- Virtually: The Refreshment of Interface Value
This essay examines virtual representation as a source of anxiety—moral, cultural, and epistemological. By first analyzing two failed attempts by the U.S. Congress to apply legislative closure to the admitted epistemological uncertainty of virtual child pornography, the question of performativity is raised. The Congressional Acts’ contradictory logic imagined a contagion of harm emanating from digital material and attacking actual, uninvolved children, but also a contagion of perpetration to “desensitize” potentially any viewer. The essay pivots on Margaret Morse’s definition of the virtual as the “present subjunctive mode of a fictively shared present” and goes on to examine the equally uncertain performativity attributed to the virtual relationships between personal webcam subjects and their viewers. Charges of “virtual prostitution” against some female webcam subjects recall Congress’s moralist fears of infectious “transmission.” As a device of perceived telepresence and telepistemology, webcam representation is discussed as the reiteration of interface simulation, where the continuous, mechanical “refreshment” of this mediating device itself becomes an object of attention. The necessary imprecision and epistemological frustration of the virtual has become a compelling narrative of its own. —rp
In April 2002, the Supreme Court of the United States handed down its ruling of Ashcroft v. Free Speech Coalition, a case in which a certain semantic specificity seemed ultimately to take precedence over the moral and emotional imperatives that propelled the central argument of the petitioner. The U.S. government (nominally represented by Attorney-General Ashcroft) was seeking to overturn a Court of Appeals ruling against the constitutionality of its Child Pornography Prevention Act (1996), which had greatly—through a significant conceptual leap—expanded the category of what would count as child pornography. As cited in the Supreme Court ruling, the bill (CPPA) now prohibited not only pornographic images produced using actual children, but also “any visual depiction” that “is, or appears to be, of a minor engaging in sexually explicit conduct,” as well as any sexually explicit image that is “advertised, promoted, presented, described, or distributed in such a manner that conveys the impression” that it depicts a minor engaging in sexually explicit conduct (1).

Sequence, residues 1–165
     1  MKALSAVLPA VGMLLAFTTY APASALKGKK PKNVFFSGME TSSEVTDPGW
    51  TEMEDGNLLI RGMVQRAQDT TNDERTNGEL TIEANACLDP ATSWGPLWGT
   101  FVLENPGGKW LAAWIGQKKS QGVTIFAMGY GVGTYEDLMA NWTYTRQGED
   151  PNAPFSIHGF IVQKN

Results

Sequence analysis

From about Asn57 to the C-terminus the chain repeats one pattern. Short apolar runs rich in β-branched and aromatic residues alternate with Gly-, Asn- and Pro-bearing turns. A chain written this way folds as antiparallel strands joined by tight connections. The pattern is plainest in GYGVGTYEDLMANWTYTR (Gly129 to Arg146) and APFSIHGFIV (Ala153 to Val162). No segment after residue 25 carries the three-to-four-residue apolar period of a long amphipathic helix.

These qualifying phrases (which I have emphasized), designed to make child-harming pornography harder to produce and distribute, opened the frame of prohibition to extremely nebulous territory. In so doing, they curiously destabilized a conventional application of visual epistemology: one based on the evidentiary function of photographic and video images, of the kind frequently upheld in legal contexts. A distinction between the actual and the virtual was inscribed in the bill and instantaneously erased. The government’s petition to the Supreme Court describes Congress’s findings that it is possible to produce pornographic images of “what appear to be” children “that are virtually indistinguishable to the unsuspecting viewer from unretouched photographic images of actual children” (4). In their zeal to speak for and to protect the unnamed and “unsuspecting” viewer, the legislators of the CPPA betrayed their own oversuspecting unwillingness to tell actual and virtual children apart, and transposed this into both an assumed inability on the part of their constituents at large, and a projected criminal exploitation of the potential representational ambivalence that is permitted by new media technology.
In ruling against the government’s petition, the opinion of the Supreme Court delivered by Justice Kennedy questions the logic of the CPPA’s definitional expansion, noting that the production of virtual child pornography can scarcely harm children if none are involved in the process. It is here that the government’s position makes a further leap of presumption, now explicitly naming its legislative target and the kinds of harm that might be inflicted by pornographic images of “what appear to be” children. In its Congressional Findings, supplementary to the CPPA, the government claims that
child pornography is often used as part of a method of seducing other children into sexual activity; a child who is reluctant to engage in sexual activity with an adult, or to pose for sexually explicit photographs, can sometimes be convinced by viewing depictions of other children “having fun” participating in such activity
and furthermore that
child pornography is often used by pedophiles and...